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|DE4235685A1 *||Oct 22, 1992||Apr 29, 1993||Mitsubishi Nuclear Fuel||Verfahren zum zusammenbauen einer kernbrennelementanordnung und geraet hierfuer|
|DE4235686A1 *||Oct 22, 1992||Apr 29, 1993||Mitsubishi Nuclear Fuel||Vorrichtung zur betaetigung von gitterfedern einer kernbrennelementanordnung|
|DE4239827A1 *||Nov 26, 1992||Jun 1, 1994||Mitsubishi Nuclear Fuel||Schlüsselelement und seine Anwendung beim Einführen oder Herausnehmen von Brennstäben und beim Auseinanderbauen einer Kernbrennstoffanordnung|
|U.S. Classification||376/261, 29/238, 976/DIG.68|
|International Classification||G21C3/34, G21C21/00, G21C3/334|
|Cooperative Classification||Y02E30/40, G21C3/334, Y10T29/53678, G21Y2002/303, G21Y2004/501, G21Y2002/304, G21Y2002/302|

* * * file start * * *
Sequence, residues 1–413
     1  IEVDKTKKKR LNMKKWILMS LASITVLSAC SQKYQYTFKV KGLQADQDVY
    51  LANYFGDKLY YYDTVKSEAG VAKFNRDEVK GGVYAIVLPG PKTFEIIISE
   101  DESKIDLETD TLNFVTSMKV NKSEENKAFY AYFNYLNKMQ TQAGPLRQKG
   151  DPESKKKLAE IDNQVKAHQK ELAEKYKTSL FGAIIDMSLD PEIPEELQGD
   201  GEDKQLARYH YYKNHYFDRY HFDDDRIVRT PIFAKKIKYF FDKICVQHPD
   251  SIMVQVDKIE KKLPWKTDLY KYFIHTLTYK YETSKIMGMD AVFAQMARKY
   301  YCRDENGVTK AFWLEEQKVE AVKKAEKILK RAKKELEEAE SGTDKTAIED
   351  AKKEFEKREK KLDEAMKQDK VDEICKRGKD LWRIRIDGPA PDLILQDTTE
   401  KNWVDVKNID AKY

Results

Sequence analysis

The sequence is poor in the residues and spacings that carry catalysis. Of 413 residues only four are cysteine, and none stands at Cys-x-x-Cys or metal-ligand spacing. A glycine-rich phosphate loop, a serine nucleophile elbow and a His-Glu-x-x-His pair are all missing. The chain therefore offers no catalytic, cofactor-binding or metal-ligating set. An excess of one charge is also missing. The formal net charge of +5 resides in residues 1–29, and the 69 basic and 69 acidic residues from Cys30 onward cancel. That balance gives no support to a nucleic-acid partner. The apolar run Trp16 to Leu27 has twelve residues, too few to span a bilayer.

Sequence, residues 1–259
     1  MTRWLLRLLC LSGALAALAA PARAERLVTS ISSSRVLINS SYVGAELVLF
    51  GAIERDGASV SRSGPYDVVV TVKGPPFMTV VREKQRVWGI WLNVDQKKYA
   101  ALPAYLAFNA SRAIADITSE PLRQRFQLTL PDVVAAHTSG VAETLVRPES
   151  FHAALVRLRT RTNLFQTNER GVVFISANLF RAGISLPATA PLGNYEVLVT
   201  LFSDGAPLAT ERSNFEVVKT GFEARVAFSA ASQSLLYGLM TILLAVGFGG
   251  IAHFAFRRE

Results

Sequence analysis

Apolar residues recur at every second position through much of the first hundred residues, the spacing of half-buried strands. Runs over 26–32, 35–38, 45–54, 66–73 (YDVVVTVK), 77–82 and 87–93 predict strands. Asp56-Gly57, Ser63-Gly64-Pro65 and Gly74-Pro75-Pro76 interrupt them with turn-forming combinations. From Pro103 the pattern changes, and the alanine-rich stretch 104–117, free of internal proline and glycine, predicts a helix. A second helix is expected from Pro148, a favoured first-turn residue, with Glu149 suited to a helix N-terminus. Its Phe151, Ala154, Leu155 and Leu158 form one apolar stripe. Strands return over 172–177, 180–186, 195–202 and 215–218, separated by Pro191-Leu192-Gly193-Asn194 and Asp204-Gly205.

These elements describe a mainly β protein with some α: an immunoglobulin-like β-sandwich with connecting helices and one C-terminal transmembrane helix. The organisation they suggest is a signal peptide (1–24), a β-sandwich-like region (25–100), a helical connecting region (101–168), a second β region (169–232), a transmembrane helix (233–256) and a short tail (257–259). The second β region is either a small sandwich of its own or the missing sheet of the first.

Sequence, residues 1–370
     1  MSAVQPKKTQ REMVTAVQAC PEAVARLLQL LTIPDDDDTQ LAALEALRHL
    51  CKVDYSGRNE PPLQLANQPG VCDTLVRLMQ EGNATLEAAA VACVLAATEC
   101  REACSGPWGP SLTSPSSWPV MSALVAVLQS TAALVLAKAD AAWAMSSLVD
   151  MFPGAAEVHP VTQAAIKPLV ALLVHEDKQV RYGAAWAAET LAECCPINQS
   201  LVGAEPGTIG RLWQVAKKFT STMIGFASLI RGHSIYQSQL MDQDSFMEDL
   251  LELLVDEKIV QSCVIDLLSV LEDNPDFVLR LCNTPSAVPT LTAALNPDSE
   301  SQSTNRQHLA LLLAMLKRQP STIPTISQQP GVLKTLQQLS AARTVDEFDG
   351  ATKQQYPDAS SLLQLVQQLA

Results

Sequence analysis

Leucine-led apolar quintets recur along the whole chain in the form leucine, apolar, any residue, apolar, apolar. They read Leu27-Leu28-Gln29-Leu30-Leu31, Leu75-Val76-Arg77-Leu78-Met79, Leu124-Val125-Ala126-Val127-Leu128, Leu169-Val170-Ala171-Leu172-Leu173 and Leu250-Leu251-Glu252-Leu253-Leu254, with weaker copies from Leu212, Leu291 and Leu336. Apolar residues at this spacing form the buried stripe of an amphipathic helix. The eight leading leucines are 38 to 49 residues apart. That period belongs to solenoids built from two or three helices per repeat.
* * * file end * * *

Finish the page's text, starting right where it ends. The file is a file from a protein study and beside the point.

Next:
|Jul 3, 1986||AS||Assignment|
Owner name: WESTINGHOUSE ELECTIC CORPORATION, WESTINGHOUSE BUI
Free format text: ASSIGNMENT OF ASSIGNORS INTEREST.;ASSIGNOR:DE MARIO, EDMUND E.;REEL/FRAME:004581/0953
Effective date: 19860624
Owner name: WESTINGHOUSE ELECTIC CORPORATION,PENNSYLVANIA
Free format text: ASSIGNMENT OF ASSIGNORS INTEREST;ASSIGNOR:DE MARIO, EDMUND E.;REEL/FRAME:004581/0953
Effective date: 19860624
|Jun 20, 1991||FPAY||Fee payment|
Year of fee payment: 4
|Oct 17, 1995||REMI||Maintenance fee reminder mailed|
|Mar 10, 1996||LAPS||Lapse for failure to pay maintenance fees|
|May 21, 1996||FP||Expired due to failure to pay maintenance fee|
Effective date: 19960313